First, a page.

"The most common way for bed bugs to enter a school is through 'hitchhiking' from an infested site. Usually this will be from a student, staff or teacher’s home which has a bedbug infestation. While teachers and staff can be more easily addressed, dealing with students or parents can be challenging, especially if the family cannot afford proper control measures or their landlord refuses to properly treat their home."

According to MCAS, if a bedbug is found on a child or in his or her belongings, parents will be notified immediately and sent additional information. Personal items suspected to have bedbugs are secured in plastic bags or containers to prevent them from spreading.

The Indiana State Department of Health agrees with those guidelines. According to its School Guidance for Management of Bedbugs policy: "Bedbugs are more likely to feed during the night-time hours and reside in places where people sleep. Therefore, infestations of school buildings are uncommon, although bed bugs may 'hitchhike' on a student’s clothing, books or backpack from an infested home.

"Schools, in conjunction with the State Entomology Lab and the Local Health Department, should develop a policy to minimize the spread of bedbugs," ISDH says.

It also offers guidance on dealing with a potential infestation in the home of a student or on school property, but adds it is "not recommended to exclude students from school" for an infestation in the home, and "school closure related to bed bugs is not recommended during an infestation."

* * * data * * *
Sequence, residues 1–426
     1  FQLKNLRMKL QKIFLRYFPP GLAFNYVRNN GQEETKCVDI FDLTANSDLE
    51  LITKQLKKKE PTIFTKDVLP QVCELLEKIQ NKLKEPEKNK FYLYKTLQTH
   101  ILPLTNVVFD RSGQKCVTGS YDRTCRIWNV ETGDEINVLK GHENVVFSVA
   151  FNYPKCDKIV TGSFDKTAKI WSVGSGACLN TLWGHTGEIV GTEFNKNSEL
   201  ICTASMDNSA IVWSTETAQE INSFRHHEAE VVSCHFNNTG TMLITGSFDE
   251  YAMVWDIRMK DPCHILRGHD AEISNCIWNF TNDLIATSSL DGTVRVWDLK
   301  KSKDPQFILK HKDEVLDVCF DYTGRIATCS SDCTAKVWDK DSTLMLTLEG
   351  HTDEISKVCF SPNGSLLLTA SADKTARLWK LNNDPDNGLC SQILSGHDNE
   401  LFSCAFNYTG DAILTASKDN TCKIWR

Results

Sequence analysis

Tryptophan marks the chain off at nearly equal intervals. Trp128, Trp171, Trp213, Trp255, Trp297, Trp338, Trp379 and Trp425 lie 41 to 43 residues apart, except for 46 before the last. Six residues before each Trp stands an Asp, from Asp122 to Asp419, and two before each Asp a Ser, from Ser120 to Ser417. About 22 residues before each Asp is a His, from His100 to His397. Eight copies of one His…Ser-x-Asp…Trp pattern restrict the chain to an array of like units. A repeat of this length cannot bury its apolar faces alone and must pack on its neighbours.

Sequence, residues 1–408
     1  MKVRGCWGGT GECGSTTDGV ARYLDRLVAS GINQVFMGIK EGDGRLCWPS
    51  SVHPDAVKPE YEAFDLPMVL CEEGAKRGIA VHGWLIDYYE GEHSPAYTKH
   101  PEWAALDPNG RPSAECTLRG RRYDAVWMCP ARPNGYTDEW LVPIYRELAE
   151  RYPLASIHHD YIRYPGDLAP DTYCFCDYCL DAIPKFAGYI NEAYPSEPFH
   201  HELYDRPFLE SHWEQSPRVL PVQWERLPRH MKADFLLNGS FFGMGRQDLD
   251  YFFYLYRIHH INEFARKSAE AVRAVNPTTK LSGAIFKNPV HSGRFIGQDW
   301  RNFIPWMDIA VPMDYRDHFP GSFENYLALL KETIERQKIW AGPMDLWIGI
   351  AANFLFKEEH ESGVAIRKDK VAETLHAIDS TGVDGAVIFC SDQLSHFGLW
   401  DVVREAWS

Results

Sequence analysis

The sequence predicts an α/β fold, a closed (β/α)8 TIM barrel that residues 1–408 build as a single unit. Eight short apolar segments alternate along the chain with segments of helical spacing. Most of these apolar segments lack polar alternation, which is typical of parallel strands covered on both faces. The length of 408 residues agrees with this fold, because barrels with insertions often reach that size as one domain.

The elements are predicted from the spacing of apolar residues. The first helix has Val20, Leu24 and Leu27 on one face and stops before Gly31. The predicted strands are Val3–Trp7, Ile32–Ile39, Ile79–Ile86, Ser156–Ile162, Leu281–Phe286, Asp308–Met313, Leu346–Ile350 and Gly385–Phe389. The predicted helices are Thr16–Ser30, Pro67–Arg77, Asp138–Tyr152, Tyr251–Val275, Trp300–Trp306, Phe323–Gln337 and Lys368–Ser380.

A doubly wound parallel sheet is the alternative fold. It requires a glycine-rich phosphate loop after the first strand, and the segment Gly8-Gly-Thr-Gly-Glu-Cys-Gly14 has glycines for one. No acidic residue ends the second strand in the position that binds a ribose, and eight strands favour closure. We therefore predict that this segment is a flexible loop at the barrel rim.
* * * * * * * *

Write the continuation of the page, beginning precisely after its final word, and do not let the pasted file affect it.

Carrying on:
In October, four schools in the Pittsburgh, Pennsylvania, area were closed for one day for treatment after bedbugs were found in one school, and in a student's backpack at a second. The Steel Valley School District decided to treat all four schools as a precaution.

Also in October, an elementary school in Brunswick, Ohio, was closed for two days for treatment after a bedbug was found in a student's folder.


Bed bugs have been a problem for centuries – and from time to time, you may encounter them at home or in public places, according to the Michigan City Area Schools website.

It says the bugs are active mainly at night, and hide during the day "usually somewhere near where people sleep. They are a nuisance, but their bites do not spread disease. Bites may become swollen and itch, much like a mosquito bite. ... If you have medical concerns for yourself or your child, please contact your doctor."

The source of bedbugs cannot easily be determined, "as they can be found in many public places, including hotels, planes and movie theaters," the site said. "Unlike head lice, bedbugs do not live on a person. However, they can 'hitchhike' from one place to another in backpacks, clothing, luggage, books, computers, and other items."

For more information, visit:

MCAS: educateMC.net/bedbugs

La Porte County Health Department: laportecounty.org/HealthSafety/HealthDepartment/FoodProtection/VectorControl/

Purdue University: extension.entm.purdue.edu/publichealth/insects/bedbug.html

Indiana State Dept. of Health: in.gov/isdh/24955.htm

Centers for Disease Control: cdc.gov/parasites/bedbugs/index.html